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Stuart Burns

Stuart Burns

Stuart is a writer for MetalMiner who operate the largest metals-related media site in the US according to third party ranking sites. With a preemptive…

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Where Can We Expect Zinc Prices to go From Here

Reading the runes for the zinc market has become quite a challenging exercise. The price has been one of the success stories (if you are a producer) of the global recovery, rising steadily along with copper, with which it has been showing a strong correlation. Like copper, part of the story is the probability of dwindling supply towards the middle of the decade as major mines such as Perseverence (with about 130 kt of production), Brunswick (with about 200 kt), Lisheen (with 170 kt) and Century (with about 500 kt) close down from 2012 to 2014, taking 1 million tons of supply out of the market that is currently in deficit to only about 340 kt this year, according to HSBC.

On the flip side, the cost of production at about US $1500 per ton is way below the current market price, today at over US $2300 per ton, so every mine with potential to expand is seeing investment and many smaller projects are being rushed into production even if projects the size of Century are not in evidence.

Demand is forecast to rise by about 5.5 percent this year according to the bank, while supply is set to rise by about 2.2 percent; yet even so, the market is in surplus and inventory levels have continued to rise.

Zinc Stocks and Price
Source: Reuters

Stockpiles of zinc held in LME warehouses surged past the 800,000-ton mark for the first time since 1995, climbing by 26,550 tons to 812,100 tons, this month. Zinc is the only other metal with aluminum that can benefit from stock and finance games due to its strong forward curve.

Zinc Forward Curve
Source: LME

Traders and banks can buy spot metal and sell forward at a premium, yielding a small premium to cover finance and storage costs. The premium is not as good as aluminum, but could be contributing to growing stock levels.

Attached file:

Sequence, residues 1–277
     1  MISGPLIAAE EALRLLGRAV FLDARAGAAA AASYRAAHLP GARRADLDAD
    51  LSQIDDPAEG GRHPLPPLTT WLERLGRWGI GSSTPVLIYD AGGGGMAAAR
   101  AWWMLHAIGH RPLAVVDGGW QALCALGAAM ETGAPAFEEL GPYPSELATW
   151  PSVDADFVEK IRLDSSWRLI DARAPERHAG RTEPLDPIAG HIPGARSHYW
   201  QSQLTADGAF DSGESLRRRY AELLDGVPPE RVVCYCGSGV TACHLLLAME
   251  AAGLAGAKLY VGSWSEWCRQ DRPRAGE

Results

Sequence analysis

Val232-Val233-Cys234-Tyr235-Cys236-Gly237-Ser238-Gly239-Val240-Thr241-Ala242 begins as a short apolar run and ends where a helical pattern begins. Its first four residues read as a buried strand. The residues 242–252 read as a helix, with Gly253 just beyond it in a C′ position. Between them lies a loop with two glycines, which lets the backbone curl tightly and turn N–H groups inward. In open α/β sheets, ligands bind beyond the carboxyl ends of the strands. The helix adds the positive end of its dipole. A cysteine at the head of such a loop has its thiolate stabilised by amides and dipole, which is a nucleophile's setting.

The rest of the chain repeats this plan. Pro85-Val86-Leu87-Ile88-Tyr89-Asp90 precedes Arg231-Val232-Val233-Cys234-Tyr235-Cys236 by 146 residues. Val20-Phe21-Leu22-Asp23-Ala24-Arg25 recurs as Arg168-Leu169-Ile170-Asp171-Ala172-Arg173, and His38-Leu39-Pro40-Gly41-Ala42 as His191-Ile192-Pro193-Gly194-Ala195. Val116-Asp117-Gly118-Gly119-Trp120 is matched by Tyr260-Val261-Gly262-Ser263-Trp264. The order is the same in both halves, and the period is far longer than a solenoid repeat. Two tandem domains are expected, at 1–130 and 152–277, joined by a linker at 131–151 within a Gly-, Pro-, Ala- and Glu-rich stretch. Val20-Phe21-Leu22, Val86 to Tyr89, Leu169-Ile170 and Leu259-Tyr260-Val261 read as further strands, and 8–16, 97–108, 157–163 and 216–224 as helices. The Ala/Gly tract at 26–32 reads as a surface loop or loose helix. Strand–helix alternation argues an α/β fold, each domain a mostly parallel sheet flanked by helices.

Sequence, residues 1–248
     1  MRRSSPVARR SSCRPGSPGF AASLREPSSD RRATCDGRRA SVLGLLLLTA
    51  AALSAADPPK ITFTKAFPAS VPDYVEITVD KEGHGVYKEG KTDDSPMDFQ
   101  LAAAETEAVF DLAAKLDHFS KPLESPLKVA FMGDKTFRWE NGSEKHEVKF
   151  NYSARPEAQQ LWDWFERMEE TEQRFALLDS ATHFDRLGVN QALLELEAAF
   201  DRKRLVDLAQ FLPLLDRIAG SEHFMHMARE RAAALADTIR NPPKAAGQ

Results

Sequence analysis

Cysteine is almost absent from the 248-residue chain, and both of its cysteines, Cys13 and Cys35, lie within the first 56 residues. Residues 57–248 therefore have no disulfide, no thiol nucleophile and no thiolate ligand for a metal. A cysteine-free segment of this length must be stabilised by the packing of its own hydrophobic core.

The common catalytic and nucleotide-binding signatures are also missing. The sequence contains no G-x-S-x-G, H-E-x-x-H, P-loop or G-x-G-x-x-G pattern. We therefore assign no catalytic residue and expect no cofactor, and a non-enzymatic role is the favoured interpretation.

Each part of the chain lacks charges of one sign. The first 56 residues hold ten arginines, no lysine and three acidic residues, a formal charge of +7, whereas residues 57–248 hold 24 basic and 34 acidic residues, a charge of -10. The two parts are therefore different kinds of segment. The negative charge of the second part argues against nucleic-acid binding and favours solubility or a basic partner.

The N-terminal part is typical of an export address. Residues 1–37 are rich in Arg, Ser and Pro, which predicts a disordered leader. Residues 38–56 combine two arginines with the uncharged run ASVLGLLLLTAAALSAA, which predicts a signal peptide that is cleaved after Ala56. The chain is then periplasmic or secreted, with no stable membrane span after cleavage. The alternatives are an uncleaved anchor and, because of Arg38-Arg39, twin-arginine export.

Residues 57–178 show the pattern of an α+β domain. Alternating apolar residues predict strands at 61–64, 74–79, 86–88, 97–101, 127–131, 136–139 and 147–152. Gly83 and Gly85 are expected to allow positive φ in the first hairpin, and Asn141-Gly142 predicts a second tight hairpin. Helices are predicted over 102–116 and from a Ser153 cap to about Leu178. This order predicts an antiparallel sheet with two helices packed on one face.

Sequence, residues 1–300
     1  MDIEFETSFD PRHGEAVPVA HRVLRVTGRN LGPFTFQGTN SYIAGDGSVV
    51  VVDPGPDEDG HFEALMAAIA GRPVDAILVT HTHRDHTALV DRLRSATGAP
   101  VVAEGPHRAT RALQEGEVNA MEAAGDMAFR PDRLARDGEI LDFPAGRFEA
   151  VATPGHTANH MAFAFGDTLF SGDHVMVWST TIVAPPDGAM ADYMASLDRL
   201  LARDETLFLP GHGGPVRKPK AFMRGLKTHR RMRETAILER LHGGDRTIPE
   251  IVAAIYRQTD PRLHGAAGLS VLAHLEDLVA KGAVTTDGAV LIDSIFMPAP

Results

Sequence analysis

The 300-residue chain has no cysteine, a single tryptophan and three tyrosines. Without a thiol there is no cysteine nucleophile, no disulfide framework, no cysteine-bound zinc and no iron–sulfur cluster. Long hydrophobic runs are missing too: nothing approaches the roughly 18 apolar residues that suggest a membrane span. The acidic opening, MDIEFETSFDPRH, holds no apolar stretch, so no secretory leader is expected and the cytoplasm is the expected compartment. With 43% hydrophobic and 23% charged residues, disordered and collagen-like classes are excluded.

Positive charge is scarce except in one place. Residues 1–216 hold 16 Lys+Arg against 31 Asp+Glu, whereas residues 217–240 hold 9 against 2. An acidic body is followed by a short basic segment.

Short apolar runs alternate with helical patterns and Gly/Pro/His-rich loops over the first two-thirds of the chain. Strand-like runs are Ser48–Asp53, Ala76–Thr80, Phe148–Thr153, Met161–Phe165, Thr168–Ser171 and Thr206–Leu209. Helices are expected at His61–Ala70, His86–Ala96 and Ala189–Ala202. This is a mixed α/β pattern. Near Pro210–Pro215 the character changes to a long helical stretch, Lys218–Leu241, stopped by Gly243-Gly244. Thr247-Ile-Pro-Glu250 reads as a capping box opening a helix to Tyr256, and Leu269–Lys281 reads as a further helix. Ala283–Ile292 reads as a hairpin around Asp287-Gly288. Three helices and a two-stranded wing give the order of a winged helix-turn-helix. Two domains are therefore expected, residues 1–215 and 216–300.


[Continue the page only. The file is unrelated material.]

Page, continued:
Of more concern than the rise in LME inventories is the rise in Chinese stocks. As Beijing attempts to curb property speculation, construction activity has cooled and market demand has softened. Construction accounts for half of all demand for galvanized steel and galvanized steel accounts for 56 percent of all zinc demand, so although machinery and automotive are doing OK, the combination of slowing Chinese construction demand and near-stagnant western world demand is contributing to growing stocks. According to Reuters, China, the world’s top producer and consumer of the metal, may be holding 1.3 million to 1.5 million tons of refined zinc in private and public warehouses (including SHFE and bonded warehouses) — about three times its production in March. Normally, April to June are peak restocking months for consumers, but demand ramp-up in the first quarter has been weaker than last year.

Rising stocks, softening demand and continued strong production, at least in the short term, suggest prices are set to ease further this year, but the closure of major mines from 2012 onwards coupled with an expected recovery in the western housing market suggests the market could be better balanced from 2012/13 into the future. In the meantime, there is not much to support current prices and we would not be surprised to see them continue to drift lower. Like copper, the long-term fundamentals are sound, but like copper, recent zinc price rises are proving too much too soon and a reduction to saner levels is in the cards.

By. Stuart Burns

(www.agmetalminer.com) MetalMiner is the largest metals-related media site in the US according to third party ranking sites. With a preemptive global perspective on the issues, trends, strategies, and trade policies that will impact how you source and/or trade metals and related metals services, MetalMiner provides unique insight, analysis, and tools for buyers, purchasing professionals, and everyone else for whom metals and their related markets matter.




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